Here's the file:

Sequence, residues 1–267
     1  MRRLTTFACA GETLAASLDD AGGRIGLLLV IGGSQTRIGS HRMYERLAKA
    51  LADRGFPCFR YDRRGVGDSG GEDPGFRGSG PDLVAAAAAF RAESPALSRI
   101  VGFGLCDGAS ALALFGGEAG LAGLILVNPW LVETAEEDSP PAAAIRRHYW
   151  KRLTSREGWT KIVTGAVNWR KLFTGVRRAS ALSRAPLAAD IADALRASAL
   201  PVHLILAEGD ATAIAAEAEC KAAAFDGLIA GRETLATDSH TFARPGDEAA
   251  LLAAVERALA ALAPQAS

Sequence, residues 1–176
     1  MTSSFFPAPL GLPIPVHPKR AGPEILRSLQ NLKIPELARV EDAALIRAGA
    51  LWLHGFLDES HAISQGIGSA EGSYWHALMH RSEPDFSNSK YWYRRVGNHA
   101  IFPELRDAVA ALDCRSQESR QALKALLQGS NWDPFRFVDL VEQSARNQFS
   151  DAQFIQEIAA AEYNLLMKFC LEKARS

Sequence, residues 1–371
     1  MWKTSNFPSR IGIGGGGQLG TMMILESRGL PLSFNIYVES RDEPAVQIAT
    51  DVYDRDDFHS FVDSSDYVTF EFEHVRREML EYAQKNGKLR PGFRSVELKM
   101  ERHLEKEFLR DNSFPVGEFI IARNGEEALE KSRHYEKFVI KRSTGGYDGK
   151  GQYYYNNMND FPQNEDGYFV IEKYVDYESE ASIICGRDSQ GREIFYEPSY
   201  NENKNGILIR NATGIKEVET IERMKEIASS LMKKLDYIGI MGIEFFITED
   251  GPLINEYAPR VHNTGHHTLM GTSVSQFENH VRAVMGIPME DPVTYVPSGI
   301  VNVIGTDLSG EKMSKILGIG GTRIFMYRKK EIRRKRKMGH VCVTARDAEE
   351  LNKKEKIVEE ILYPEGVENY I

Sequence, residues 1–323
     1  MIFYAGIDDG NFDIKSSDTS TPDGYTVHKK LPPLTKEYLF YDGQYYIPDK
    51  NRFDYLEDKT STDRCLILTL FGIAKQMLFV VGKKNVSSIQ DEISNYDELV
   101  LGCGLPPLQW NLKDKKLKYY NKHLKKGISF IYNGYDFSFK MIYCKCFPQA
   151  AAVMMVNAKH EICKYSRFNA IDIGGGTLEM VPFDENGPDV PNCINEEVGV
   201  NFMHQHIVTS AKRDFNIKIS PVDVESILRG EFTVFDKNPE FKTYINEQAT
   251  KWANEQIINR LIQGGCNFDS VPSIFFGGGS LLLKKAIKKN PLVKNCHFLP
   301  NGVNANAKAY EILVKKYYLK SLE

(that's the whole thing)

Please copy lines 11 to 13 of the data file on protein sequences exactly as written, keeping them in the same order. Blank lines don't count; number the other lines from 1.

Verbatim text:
   101  IFPELRDAVA ALDCRSQESR QALKALLQGS NWDPFRFVDL VEQSARNQFS
   151  DAQFIQEIAA AEYNLLMKFC LEKARS

Sequence, residues 1–371